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Tim Wu: Why the Courts Will Have to Save Net Neutrality
Posted by News Fetcher on November 27 '17 at 08:03 AM
By msmash from Slashdot's tussle-continues department:
Tim Wu, a law professor at Columbia who first coined the term "net neutrality," writes for the New York Times: Allowing such censorship is anathema to the internet's (and America's) founding spirit. And by going this far, the F.C.C. may also have overplayed its legal hand. So drastic is the reversal of policy (if, as expected, the commission approves Mr. Pai's proposal next month), and so weak is the evidence to support the change, that it seems destined to be struck down in court. The problem for Mr. Pai is that government agencies are not free to abruptly reverse longstanding rules on which many have relied without a good reason (Editor's note: the link could be paywalled), such as a change in factual circumstances. A mere change in F.C.C. ideology isn't enough. As the Supreme Court has said, a federal agency must "examine the relevant data and articulate a satisfactory explanation for its action." Given that net neutrality rules have been a huge success by most measures, the justification for killing them would have to be very strong. It isn't. In fact, it's very weak. From what we know so far, Mr. Pai's rationale for eliminating the rules is that cable and phone companies, despite years of healthy profit, need to earn even more money than they already do -- that is, that the current rates of return do not yield adequate investment incentives. More specifically, Mr. Pai claims that industry investments have gone down since 2015, the year the Obama administration last strengthened the net neutrality rules.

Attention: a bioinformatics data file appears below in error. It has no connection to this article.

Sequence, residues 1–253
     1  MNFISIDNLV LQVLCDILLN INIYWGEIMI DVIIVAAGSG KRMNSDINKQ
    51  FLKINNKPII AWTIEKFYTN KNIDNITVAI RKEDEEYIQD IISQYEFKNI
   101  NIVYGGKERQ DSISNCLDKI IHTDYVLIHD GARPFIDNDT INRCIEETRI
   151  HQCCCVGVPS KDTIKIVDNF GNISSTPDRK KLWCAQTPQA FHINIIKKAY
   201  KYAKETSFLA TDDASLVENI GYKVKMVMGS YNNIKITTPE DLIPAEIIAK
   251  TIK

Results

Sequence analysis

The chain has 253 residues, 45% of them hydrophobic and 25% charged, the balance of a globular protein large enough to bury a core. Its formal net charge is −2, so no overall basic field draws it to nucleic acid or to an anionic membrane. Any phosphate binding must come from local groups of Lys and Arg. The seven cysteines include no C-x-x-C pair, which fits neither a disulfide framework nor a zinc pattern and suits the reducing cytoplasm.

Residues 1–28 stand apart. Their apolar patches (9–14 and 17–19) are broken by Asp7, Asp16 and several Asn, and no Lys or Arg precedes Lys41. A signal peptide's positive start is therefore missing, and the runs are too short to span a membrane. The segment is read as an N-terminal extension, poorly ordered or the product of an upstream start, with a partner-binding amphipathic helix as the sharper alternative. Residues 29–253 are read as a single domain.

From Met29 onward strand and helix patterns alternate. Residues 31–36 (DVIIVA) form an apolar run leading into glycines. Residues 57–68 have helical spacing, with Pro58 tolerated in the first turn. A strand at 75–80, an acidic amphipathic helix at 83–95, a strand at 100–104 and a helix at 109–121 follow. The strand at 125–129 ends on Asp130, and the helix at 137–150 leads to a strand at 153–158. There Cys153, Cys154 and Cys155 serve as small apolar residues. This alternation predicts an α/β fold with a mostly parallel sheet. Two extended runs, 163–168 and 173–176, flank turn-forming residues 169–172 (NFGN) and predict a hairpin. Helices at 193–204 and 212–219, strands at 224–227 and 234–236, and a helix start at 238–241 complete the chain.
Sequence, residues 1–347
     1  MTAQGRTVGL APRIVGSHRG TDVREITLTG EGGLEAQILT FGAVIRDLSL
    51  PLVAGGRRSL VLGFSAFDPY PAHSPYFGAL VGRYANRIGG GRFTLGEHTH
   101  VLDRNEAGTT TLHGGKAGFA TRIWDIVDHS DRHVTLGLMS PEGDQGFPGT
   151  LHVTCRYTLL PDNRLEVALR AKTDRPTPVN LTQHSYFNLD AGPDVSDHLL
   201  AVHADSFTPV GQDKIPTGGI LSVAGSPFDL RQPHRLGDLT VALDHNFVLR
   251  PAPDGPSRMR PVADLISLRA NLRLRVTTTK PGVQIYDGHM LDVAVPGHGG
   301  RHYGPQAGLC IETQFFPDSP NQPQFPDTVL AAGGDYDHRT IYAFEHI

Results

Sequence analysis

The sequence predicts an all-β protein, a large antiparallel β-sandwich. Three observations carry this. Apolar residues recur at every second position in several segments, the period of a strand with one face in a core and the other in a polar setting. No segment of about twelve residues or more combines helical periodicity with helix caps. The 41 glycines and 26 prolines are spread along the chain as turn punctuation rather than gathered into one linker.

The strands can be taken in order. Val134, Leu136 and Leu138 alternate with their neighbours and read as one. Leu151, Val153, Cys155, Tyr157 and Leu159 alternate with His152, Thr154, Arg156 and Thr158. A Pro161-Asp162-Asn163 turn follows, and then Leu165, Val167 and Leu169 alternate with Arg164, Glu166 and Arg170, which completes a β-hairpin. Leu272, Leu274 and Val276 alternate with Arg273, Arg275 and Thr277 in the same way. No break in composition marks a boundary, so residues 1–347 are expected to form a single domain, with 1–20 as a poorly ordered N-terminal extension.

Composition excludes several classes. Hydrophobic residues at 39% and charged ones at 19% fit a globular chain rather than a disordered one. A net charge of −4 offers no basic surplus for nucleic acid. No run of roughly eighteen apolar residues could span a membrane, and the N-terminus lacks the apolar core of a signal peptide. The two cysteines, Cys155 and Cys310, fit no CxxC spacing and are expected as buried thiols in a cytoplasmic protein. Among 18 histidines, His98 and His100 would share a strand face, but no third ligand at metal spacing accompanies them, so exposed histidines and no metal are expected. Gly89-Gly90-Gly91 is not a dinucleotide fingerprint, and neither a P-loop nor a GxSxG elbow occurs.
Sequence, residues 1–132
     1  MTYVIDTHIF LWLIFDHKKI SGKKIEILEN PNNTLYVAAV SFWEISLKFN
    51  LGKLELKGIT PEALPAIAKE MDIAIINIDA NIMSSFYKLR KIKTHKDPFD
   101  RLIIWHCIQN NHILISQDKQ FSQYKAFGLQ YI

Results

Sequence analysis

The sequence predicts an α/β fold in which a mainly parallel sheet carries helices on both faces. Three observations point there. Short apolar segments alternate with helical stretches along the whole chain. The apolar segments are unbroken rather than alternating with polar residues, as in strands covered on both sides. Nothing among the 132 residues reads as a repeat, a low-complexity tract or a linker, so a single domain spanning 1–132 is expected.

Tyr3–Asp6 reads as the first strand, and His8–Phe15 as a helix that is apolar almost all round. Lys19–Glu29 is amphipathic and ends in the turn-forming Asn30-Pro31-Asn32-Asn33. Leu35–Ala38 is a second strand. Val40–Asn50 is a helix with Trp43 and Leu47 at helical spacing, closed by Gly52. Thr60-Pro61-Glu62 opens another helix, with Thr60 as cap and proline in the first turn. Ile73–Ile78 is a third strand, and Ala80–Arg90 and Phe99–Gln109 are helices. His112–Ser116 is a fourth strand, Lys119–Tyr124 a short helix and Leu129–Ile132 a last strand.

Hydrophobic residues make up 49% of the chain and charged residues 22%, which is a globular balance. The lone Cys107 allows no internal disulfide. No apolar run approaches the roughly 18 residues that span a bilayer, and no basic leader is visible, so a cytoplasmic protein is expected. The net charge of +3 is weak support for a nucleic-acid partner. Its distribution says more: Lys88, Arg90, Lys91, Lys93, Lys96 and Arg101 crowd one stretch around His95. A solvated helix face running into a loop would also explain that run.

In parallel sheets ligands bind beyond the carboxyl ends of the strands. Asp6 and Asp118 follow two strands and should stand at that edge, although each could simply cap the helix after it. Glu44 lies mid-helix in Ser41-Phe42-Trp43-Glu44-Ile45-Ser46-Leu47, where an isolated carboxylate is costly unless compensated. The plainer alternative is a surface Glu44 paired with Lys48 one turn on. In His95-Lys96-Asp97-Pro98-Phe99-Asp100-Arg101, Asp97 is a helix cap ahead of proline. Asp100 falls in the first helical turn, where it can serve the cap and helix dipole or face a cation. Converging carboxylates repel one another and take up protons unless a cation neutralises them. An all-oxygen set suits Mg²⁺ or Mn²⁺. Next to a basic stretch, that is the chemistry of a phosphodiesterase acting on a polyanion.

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YouTube's Search Autofill Surfaced Disturbing Child Sex Results
Posted by News Fetcher on November 27 '17 at 06:43 AM
By msmash from Slashdot's getting-basics-wrong department:
Several users are reporting that they found YouTube autocompleting search queries starting with 'how to have' with disturbing suggestions, including 's*x with your kids' over the weekend. From a report: A YouTube spokesperson told BuzzFeed News that the matter is still under investigation. "Earlier today our teams were alerted to this awful autocomplete result and we worked to quickly remove it," the company said. "We are investigating this matter to determine what was behind the appearance of this autocompletion." We tried the same query on YouTube less than an hour before publication of this story, and we found "how to have s*x in school," and "how to have s*x with kids" were still surfacing in the results.

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Petition Calls for Ouster of FCC Chairman Pai
Posted by News Fetcher on November 27 '17 at 05:20 AM
By EditorDavid from Slashdot's speaking-of-repealing-things department:
Long-time Slashdot reader speedplane writes: